Garcia's happiness fueling on-course results

By Jason SobelAugust 2, 2014, 10:34 pm

AKRON, Ohio – Sergio Garcia was standing on the 16th tee when the horn blew Saturday afternoon, signaling a weather delay at the WGC-Bridgestone Invitational. As he shuffled off the course, longtime flame Katharina Boehm sidled up close, joining him underneath a navy blue and white umbrella.

While they walked, she placed her left hand on his back. The television camera lens couldn’t help but focus on the unmistakable diamond ring on her fourth finger.

Jump to your own conclusions, if you’d like.

Asked about it earlier in the week, Garcia didn’t exactly deny any change in their relationship status.

“No, there's really nothing that I want or should talk about it,” he said. “I think that's between Katy and myself. If we get married or something, I'm sure everybody will find out. So it wouldn't be a problem.”

We can respect that request for privacy, but likewise jump to this conclusion, too: More than any other elite golfer in the world, Sergio Garcia’s success has always been dependent on his personal happiness. Which means he must be ecstatic right now, two weeks removed from a runner-up finish at Hoylake and holding a three-stroke lead here at the WGC-Bridgestone Invitational entering the final round. 

WGC-Bridgestone Invitational: Articles, videos and photos

Thanks to a 3-under 67, Garcia propelled himself into the driver’s seat in hopes of his first PGA Tour title in nearly two full years.

Afterward, he was all smiles.

“I'm thrilled to be as comfortable and as happy as I am now,” he explained. “The last three years have been very good. I felt like once I recovered from my little fall down or whatever, it's been nice. I've always said that I couldn't be luckier to have such an amazing family around me. They're always behind me.”

The “little fall down” that he referenced was a two-month sabbatical in 2010, a period during which he reassessed his priorities and later admitted thinking about giving up the game altogether.

Instead, he gradually returned hungrier and, yes, happier.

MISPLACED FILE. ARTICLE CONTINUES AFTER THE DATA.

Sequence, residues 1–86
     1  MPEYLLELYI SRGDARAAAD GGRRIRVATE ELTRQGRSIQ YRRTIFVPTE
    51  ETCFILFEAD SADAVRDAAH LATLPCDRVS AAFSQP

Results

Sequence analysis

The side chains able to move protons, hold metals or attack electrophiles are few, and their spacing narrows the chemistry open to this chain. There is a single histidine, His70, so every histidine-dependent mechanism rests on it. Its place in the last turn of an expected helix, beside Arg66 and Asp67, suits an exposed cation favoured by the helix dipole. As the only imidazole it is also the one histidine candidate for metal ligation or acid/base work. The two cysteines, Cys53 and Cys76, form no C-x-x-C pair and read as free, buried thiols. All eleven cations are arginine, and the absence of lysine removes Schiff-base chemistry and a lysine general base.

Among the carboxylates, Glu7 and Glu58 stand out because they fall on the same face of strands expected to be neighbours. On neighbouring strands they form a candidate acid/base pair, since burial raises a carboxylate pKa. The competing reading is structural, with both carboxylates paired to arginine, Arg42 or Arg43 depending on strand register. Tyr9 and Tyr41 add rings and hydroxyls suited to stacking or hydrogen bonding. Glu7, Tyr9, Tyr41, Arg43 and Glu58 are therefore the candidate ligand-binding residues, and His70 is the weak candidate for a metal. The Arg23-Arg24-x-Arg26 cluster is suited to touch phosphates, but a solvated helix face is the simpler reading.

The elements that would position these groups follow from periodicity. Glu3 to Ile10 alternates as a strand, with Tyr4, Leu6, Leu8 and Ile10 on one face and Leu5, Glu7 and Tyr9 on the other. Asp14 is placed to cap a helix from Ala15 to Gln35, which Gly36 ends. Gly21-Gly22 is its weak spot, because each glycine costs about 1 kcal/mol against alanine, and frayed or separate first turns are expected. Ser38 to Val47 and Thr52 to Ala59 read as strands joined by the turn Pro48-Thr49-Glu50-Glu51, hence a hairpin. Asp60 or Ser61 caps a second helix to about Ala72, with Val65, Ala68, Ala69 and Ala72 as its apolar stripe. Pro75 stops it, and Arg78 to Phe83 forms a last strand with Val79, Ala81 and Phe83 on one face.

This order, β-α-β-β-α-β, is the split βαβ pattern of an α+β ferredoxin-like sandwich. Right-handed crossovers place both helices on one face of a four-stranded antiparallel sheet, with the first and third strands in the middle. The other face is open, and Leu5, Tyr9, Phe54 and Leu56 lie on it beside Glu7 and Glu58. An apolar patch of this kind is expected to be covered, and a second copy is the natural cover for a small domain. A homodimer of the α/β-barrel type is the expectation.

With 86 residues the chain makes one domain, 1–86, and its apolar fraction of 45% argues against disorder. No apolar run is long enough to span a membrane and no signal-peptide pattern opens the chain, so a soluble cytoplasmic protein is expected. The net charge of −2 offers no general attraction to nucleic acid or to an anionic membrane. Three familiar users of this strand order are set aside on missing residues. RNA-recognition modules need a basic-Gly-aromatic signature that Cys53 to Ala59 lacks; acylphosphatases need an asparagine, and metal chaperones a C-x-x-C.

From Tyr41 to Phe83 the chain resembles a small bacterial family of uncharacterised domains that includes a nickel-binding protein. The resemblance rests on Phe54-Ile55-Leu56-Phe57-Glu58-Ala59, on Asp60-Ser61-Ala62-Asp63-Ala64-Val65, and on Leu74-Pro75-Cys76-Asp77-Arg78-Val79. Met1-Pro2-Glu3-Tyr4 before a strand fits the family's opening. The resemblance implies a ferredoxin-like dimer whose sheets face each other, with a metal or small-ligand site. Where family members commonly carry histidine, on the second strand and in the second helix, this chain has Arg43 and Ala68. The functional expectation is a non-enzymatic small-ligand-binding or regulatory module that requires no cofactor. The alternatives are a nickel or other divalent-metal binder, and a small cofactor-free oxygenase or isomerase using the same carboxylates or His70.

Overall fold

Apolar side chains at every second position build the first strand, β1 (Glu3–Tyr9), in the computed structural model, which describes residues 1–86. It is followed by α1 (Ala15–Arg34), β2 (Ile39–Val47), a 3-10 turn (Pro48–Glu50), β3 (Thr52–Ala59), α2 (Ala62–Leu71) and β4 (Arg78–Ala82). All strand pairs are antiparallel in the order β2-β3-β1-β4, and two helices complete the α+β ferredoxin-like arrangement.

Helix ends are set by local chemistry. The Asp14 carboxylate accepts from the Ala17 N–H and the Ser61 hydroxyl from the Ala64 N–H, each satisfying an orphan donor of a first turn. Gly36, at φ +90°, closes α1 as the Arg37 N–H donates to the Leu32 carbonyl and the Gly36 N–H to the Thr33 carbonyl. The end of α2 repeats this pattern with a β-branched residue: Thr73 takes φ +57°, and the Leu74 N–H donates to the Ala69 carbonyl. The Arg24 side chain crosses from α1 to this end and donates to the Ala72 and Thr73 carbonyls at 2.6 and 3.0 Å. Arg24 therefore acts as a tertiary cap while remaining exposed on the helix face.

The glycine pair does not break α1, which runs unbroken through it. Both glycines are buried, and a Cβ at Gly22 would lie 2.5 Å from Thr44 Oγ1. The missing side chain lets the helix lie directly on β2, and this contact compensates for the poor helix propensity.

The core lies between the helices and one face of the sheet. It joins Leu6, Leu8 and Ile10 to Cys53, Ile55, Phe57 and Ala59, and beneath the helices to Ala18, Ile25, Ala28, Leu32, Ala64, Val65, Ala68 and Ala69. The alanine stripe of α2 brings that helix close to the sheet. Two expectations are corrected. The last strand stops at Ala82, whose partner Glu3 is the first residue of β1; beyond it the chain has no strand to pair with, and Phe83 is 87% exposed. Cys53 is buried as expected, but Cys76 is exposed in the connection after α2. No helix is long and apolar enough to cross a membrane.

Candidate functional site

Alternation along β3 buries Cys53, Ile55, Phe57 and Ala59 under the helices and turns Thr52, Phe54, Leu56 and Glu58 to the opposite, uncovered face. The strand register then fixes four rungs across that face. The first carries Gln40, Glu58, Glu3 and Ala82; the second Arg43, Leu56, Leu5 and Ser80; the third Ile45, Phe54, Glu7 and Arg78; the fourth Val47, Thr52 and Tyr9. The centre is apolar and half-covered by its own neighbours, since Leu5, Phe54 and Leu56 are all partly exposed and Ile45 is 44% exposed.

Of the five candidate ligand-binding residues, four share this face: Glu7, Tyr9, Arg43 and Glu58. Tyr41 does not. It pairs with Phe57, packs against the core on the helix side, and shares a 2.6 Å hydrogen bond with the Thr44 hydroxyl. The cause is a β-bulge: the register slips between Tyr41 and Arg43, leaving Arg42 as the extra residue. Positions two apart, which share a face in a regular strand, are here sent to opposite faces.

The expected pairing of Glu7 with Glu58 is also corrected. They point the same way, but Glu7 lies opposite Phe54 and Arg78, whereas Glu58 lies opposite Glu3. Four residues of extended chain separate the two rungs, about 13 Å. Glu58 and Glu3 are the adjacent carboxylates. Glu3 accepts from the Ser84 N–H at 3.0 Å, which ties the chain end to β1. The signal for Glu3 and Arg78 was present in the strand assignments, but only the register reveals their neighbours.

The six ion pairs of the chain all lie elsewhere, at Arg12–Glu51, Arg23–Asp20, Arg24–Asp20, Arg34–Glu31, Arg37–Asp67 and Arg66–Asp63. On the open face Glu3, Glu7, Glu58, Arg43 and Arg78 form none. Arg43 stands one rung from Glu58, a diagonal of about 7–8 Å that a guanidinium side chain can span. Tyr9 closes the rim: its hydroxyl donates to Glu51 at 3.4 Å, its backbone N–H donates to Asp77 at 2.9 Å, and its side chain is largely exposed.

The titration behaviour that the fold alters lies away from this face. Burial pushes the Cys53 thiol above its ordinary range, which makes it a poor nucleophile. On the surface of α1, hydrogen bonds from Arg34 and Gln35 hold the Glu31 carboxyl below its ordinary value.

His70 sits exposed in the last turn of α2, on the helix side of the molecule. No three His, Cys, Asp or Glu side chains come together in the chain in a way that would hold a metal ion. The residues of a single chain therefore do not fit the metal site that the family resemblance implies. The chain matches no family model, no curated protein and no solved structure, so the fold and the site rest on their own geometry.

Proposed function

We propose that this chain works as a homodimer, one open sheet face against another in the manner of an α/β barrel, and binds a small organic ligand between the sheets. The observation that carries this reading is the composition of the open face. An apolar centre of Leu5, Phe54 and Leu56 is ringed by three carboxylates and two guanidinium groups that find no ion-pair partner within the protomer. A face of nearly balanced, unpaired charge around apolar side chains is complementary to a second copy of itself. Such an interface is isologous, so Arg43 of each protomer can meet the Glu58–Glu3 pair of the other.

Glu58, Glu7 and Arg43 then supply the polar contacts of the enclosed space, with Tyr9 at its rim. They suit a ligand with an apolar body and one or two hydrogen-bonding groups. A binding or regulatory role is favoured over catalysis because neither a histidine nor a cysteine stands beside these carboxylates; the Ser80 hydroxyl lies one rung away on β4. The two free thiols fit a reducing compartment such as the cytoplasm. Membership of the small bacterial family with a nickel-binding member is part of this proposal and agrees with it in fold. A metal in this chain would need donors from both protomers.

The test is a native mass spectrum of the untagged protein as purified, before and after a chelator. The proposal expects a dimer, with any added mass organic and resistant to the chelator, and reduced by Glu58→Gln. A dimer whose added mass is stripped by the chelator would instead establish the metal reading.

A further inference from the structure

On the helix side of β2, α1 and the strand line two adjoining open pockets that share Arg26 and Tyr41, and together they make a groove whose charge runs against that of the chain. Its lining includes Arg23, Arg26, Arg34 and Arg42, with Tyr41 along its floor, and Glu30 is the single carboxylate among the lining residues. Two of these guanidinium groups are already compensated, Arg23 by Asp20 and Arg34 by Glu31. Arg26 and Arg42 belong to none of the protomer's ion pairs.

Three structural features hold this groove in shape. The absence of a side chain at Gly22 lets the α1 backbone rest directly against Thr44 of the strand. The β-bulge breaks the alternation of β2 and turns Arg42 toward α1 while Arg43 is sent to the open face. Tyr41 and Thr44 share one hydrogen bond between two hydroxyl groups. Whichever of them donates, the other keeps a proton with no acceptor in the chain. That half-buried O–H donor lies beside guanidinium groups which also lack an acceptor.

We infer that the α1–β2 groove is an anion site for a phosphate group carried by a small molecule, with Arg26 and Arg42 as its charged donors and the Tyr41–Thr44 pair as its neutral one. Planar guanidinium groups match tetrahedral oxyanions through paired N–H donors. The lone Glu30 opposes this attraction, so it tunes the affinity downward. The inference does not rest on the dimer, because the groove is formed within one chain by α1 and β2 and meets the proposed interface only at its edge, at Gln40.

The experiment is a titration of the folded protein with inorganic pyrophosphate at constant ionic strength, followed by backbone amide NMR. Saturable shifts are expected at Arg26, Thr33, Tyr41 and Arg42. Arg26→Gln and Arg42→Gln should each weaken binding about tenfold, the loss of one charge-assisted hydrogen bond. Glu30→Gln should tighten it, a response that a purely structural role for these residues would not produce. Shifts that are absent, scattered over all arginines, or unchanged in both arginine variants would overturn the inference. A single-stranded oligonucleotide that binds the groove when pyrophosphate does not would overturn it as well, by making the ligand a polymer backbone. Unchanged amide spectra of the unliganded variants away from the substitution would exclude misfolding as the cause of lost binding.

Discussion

It’s important to note that while most players’ happiness is based on success inside the ropes, Garcia has always viewed his career through an opposite prism.

That isn’t just a generality, either. He can point to specific parts of his game which are positively affected by a peaceful mindset.

“It's easier to manage your emotions a little bit better,” he said. “It's easier to take mistakes in a better way. That probably comes down to saving shots at the end of the day, not letting mistakes affect you as much. If you make them, just kind of deal with them and move on.”

Not that he’s had to deal with many mistakes this week.

Garcia has compiled 16 birdies against just two bogeys at Firestone, a course which hasn’t been very friendly to him in recent years.

But that may underscore the main theme of his performance. This isn’t the same Sergio who considered quitting the game or shook his angry fist at the golf gods. He’s content with himself, content with his life and, as a happy byproduct, content with his golf game.

“I have a great group not only with my girlfriend, but with my managing team and everybody and my sponsors,” he said. “We've gone through bad times, tough times, but they've always made me feel really, really good.”

Other players have noticed a difference in his demeanor, too.

Rory McIlroy, a friend and Ryder Cup teammate and fellow contender this week, will share the last pairing of the final round with Garcia. He knows a thing or two about competing under emotional distress and understands how his Sunday playing partner has altered his perspective.

“I think a big thing with Sergio is you all know that emotionally he's in a really good place,” McIlroy said. “I think that's really helping him on the golf course. He's in a good place in his life right now and I'm really happy to see that. That's really coming out in the way he's playing and his whole demeanor. It's good to see.”

Explained Garcia: “He knows what I went through. I know what he went through. And I would say we're both feeling quite good about ourselves at the moment. We both feel quite comfortable where we are and quite happy.”

You haven’t needed to listen to his words lately to understand that. That happiness has been written all over his face lately, his buoyant smile flashing brighter than it has in years.

As he walked off the course for that weather delay Saturday, it may have been written all over his back, too – the secret to his happiness the focus of the television camera lens. He didn’t want to address that matter, but he still did so with a smile.

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McCoy earns medalist honors at Q-School

By Will GrayDecember 11, 2017, 12:30 am

One year after his budding career was derailed by a car accident, Lee McCoy got back on track by earning medalist honors at the final stage of Tour Q-School.